(lemacs.info)Programs


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Editing Programs
****************

   Emacs has many commands designed to understand the syntax of
programming languages such as Lisp and C.  These commands can:

   * Move over or kill balanced expressions or "sexps" (Note: Lists.).

   * Move over or mark top-level balanced expressions ("defuns", in
     Lisp; functions, in C).

   * Show how parentheses balance (Note: Matching.).

   * Insert, kill, or align comments (Note: Comments.).

   * Follow the usual indentation conventions of the language (*note
     Grinding::.).

   The commands available for words, sentences, and paragraphs are
useful in editing code even though their canonical application is for
editing human language text.  Most symbols contain words (*note
Words::.); sentences can be found in strings and comments (*note
Sentences::.).  Paragraphs per se are not present in code, but the
paragraph commands are useful anyway, because Lisp mode and C mode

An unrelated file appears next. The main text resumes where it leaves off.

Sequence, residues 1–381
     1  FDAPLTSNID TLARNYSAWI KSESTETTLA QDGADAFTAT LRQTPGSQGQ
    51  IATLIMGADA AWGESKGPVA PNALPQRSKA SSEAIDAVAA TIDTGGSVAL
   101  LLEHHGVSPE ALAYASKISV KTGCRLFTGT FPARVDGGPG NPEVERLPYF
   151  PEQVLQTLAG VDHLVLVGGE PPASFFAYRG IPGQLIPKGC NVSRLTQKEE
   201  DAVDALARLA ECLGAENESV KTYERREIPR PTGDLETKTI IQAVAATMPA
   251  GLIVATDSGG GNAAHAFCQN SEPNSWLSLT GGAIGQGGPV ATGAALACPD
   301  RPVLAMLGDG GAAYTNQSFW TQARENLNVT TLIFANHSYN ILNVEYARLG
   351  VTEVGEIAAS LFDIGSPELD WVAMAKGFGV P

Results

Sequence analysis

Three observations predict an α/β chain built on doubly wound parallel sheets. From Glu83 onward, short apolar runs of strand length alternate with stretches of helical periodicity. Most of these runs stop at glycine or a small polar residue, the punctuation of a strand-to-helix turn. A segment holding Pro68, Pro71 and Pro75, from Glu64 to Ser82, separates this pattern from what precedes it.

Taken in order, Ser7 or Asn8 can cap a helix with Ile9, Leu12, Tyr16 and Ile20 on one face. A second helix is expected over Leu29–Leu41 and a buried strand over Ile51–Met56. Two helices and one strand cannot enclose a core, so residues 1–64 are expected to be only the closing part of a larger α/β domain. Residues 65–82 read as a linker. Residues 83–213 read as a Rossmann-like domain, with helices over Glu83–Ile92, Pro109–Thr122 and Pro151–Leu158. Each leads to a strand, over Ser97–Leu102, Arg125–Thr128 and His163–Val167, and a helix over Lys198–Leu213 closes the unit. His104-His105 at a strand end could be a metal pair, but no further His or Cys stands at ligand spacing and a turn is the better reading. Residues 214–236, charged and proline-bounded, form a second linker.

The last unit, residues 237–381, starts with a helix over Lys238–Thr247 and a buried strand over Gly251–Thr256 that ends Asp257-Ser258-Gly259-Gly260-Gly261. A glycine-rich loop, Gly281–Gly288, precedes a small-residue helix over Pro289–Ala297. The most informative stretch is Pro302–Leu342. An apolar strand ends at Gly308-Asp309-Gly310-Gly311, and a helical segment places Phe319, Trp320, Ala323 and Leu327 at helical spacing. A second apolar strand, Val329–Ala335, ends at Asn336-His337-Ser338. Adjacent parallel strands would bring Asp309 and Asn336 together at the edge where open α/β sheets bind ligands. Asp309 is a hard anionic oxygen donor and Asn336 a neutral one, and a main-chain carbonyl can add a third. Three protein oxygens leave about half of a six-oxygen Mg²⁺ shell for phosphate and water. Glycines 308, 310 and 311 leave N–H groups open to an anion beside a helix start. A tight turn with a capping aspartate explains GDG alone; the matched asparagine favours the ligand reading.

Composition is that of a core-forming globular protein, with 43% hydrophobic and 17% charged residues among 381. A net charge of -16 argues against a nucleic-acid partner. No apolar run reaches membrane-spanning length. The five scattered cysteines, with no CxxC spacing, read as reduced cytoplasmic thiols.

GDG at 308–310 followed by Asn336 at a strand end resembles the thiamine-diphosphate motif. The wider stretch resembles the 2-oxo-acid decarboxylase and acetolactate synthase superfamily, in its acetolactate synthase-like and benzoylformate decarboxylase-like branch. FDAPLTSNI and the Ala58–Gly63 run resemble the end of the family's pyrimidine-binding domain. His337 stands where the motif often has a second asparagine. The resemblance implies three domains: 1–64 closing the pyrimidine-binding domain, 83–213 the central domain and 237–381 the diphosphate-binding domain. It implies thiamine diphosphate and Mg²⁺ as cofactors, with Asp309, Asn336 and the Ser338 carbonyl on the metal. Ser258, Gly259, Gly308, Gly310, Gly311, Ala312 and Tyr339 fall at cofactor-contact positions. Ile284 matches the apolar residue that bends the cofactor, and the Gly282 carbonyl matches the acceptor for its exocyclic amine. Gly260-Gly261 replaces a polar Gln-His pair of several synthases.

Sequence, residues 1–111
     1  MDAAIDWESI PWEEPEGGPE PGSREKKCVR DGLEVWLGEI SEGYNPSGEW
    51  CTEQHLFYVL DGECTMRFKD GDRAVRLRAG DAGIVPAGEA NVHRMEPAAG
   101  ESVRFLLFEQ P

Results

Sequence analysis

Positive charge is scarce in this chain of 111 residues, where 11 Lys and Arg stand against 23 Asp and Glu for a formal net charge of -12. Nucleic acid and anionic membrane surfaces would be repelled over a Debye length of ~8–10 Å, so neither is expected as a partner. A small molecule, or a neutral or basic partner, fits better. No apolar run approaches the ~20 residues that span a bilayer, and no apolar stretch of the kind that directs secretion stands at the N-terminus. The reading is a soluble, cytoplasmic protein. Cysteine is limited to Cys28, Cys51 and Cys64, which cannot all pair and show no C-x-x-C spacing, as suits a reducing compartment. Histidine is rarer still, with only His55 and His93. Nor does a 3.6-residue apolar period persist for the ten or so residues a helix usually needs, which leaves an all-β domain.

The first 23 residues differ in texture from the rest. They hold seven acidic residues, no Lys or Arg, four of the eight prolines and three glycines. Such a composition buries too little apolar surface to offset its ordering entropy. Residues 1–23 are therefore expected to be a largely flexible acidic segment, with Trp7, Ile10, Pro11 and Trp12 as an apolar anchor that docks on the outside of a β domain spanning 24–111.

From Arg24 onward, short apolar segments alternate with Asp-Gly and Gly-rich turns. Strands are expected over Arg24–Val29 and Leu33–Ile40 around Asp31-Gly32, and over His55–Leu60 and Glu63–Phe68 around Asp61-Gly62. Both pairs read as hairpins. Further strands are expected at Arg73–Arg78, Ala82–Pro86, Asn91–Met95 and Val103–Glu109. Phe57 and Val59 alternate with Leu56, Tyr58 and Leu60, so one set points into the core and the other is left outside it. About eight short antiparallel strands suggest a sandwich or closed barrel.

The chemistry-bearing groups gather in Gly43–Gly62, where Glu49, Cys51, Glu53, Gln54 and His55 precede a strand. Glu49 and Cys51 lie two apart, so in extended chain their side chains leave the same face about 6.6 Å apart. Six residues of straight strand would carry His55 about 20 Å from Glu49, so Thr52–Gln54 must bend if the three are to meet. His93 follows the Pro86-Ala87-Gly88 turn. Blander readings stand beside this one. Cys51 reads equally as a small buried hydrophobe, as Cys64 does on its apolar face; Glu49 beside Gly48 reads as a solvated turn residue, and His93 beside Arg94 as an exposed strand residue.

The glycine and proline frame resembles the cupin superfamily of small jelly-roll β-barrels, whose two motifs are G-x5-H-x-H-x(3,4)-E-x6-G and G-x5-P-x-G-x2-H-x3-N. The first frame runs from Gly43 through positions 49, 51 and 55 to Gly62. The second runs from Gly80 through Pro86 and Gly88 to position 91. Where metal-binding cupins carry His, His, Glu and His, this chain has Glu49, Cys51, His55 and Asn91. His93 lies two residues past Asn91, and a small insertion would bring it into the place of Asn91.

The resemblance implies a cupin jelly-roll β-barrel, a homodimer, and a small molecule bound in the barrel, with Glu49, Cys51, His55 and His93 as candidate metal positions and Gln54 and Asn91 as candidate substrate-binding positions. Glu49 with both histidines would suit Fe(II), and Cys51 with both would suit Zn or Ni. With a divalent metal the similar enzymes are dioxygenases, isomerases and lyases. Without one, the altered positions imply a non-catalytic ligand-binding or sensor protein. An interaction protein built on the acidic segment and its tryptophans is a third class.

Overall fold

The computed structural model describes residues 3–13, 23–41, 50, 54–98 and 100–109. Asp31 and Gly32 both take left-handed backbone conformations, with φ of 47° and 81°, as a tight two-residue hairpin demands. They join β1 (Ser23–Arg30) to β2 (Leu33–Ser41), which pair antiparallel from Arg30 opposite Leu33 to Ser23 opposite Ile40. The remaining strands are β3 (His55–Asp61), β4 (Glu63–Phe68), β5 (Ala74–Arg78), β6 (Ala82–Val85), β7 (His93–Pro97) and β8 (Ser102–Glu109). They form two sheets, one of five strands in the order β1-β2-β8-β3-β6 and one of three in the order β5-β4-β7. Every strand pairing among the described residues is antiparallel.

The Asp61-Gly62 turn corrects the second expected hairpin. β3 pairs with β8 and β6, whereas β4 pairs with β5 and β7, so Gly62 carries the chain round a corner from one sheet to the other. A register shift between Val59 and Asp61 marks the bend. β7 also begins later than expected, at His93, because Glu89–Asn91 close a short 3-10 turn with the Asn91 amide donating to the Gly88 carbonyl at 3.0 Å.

define paragraphs to begin and end at blank lines (*note
Paragraphs::.).  Judicious use of blank lines to make the program
clearer also provides interesting chunks of text for the paragraph
commands to work on.

   The selective display feature is useful for looking at the overall
structure of a function (Note: Selective Display.).  This feature
causes only the lines that are indented less than a specified amount to
appear on the screen.

* Program Modes
Major modes for editing programs.
* Lists
Expressions with balanced parentheses. There are editing commands to operate on them.
* Defuns
Each program is made up of separate functions. There are editing commands to operate on them.
* Grinding
Adjusting indentation to show the nesting.
* Matching
Insertion of a close-delimiter flashes matching open.
* Comments
Inserting, illing and aligning comments.
* Balanced Editing
Inserting two matching parentheses at once, etc.
* Lisp Completion
Completion on symbol names in Lisp code.
* Documentation
Getting documentation of functions you plan to call.
* Change Log
Maintaining a change history for your program.
* Tags
Go direct to any function in your program in one command. Tags remembers which file it is in.
* Fortran
Fortran mode and its special features.

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